Halo Wars 2, Microsoft’s next big exclusive on the Xbox One and Windows, has some very grueling missions in its single-player campaign.
I’ve been playing the game on the console in advance of its February 21 debut, and I had a tough time getting through the mission dubbed Lights Out. All told, it took me more than an hour to finish it, in part because there were times when I had no idea what to do. For the most part, long, furious battles are a good thing in a real-time strategy game as they really make you feel good when you finally defeat the enemy. (Check out the abridged video below.)
In this large map, you start out without any communication with your capital ship, the Spirit of Fire, which is hovering in orbit. So you don’t have access to all of the offensive weapons at your disposal.
As I noted in my earlier preview, I’m gradually getting accustomed to playing on a console as real-time strategy games are truly best played on a PC with a keyboard and mouse. Microsoft is serious about making this game work on the console and expanding the market for RTS titles, so it enlisted developer The Creative Assembly to build Halo Wars 2.
The Creative Assembly, owned by Sega, has made Total War RTS games on the PC for years, but this Xbox One title required the developer to rethink the gameplay and controls.
The original Halo Wars, which came out in 2009, had a good control scheme on a controller. You could press the right bumper to select local units or those within your field of view. If you held the bumper down, you could select all of your units on the map.
That was easy enough. But that game had a fairly limited field of view, and you couldn’t get very many units on the screen at once. With Halo Wars 2, the maps are much more expansive, and you can get 80 soldiers on the screen. Of course, some of those units are part of groups, so you can’t actually control all 80 units at once as you can in typical PC RTS games.
The Creative Assembly added some nice touches, like shortcuts on the D-pad, which are customizable. You can map units to the D-pad directional controls and easily switch to them. That takes a lot of brain cycles to remember, and I still haven’t done much with it. But I’ve survived OK so far without it.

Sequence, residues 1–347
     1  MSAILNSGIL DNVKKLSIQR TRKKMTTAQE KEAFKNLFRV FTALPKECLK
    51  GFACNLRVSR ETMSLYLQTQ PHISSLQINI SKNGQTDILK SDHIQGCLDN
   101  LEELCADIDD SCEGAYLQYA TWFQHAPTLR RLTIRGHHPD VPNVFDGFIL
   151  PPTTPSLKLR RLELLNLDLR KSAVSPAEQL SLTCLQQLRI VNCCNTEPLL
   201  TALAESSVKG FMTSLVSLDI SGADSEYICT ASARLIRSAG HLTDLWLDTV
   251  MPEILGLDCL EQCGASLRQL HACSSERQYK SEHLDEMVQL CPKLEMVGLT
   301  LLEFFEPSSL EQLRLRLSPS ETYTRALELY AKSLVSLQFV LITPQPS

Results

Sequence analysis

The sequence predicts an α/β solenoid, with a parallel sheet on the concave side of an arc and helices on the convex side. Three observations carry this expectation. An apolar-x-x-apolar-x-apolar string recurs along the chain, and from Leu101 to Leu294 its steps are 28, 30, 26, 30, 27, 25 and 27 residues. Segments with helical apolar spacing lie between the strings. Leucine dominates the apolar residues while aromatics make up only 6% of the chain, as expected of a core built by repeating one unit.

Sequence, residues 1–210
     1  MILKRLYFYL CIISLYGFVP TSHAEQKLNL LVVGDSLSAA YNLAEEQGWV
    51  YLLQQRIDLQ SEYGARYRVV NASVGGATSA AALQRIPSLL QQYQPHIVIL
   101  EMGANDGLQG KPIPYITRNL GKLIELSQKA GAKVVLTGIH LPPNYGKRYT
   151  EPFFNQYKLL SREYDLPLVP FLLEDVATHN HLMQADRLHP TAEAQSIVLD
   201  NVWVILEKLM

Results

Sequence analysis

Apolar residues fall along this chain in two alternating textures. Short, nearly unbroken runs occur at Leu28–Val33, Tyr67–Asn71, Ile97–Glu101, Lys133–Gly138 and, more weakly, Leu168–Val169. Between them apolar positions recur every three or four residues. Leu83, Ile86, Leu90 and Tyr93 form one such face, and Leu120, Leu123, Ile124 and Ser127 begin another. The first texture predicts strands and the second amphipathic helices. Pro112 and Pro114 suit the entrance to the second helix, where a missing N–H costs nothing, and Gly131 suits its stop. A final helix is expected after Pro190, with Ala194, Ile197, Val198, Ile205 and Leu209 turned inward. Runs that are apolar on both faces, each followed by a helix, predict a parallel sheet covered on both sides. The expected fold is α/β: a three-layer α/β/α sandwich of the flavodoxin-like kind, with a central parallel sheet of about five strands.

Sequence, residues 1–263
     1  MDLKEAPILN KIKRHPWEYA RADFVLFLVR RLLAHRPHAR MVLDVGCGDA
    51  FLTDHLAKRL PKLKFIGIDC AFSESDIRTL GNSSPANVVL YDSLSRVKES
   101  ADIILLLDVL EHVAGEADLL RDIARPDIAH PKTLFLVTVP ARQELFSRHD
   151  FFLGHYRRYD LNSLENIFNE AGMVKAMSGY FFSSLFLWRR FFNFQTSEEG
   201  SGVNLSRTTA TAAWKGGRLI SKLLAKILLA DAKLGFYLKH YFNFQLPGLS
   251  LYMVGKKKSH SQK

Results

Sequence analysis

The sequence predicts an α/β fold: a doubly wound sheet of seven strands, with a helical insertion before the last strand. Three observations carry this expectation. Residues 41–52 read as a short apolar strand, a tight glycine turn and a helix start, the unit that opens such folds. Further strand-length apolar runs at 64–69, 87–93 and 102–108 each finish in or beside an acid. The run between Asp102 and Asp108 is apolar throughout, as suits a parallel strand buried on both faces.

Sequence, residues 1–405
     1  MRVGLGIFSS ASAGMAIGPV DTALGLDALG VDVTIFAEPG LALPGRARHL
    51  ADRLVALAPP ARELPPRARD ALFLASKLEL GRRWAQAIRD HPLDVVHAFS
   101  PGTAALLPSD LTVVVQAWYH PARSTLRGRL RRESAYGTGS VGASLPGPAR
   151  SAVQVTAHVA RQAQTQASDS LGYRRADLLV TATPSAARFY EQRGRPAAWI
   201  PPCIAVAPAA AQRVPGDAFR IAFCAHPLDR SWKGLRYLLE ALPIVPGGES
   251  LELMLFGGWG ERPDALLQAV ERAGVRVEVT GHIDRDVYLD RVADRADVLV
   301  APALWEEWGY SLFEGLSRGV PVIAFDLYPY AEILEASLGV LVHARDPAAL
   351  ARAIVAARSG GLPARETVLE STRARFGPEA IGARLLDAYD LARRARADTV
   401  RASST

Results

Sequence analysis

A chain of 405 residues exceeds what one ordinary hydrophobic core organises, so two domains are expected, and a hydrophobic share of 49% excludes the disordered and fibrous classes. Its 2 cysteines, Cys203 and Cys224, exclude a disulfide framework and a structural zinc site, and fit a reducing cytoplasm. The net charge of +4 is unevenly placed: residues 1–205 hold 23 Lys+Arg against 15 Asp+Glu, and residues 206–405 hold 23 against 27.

In the Lights Out mission, you have to take on a big mech Brute named Decimus, who is part of a faction dubbed the Banished. The Banished have been able to use a bunch of jump portals to move all over the place at once, and in Lights Out, your job is to chase Decimus’ forces through the portals.
At the outset, I built a large base and started reaping a lot of resources by creating a Heavy Supply Pad. That allowed me to build a maximum army to attack Decimus’ forces. I had anti-air units such as Wolverines and mechs, as well as flame soldiers, mobile buggy Warthogs, and attack choppers. This mix allowed me to take on just about any unit by swarming around it.
In this match, you pretty much get all the resources you need to keep going forever. But every now and then, the enemy will attack your base. If you are unprepared, and haven’t built defensive turrets, you could lose the whole base. And that brings your resource collection to a halt. That happened to me on an earlier map, and I had to restart the whole mission over.
One of the hard parts — and a bad part of the design of this level — is that I didn’t know where to go next. There was one instance where the portals didn’t take me to an obvious next step. I wandered around, trying to get through an impenetrable barrier of raining fire from an enemy capital ship. I couldn’t get through it, and lost my whole force trying. I also lost my Spartans doing that. It was a long detour that made the level stretch out for me. Then I finally figured out that I didn’t have to move through that No Man’s Land area. It shouldn’t have been that hard to figure out where to go next.
Then I finally ran into Decimus and his forces. Those forces were defending a big base with turrets and a wide variety of troops. This was probably most fun I had playing the game. I had to continuously make new units and feed them into the battle. I also had to use my “leader powers,” where you can do something special to turn the tide of the battle.
I could drop a salvo of missiles, or I could temporarily heal all units within a target circle for a brief period. You can only use your leader powers if you have enough resources, which wasn’t a problem this time. But the leader powers take awhile to replenish. I was able to reinforce enough times and use the healing powers to protect my forces to wear the enemy down. I eventually defeated the enemy base. That felt good when I did that.
Then more enemy forces appeared. I had to take out a portal controller to stop the Banished from accessing the portals. That was another big fight, where I had to take out enemy turrets and other forces. Finally, once I had done that, I had take on Decimus himself.
That seemed easy, with 20 units against one. But he was able to call in capital ship attacks to defend himself. At my moment of triumph, my whole army got destroyed again. I had to build it up and approach him more carefully. So again, it took a long time to take out Decimus. When it was over, I was glad and exhausted. It was harder than I thought, and that was a good thing.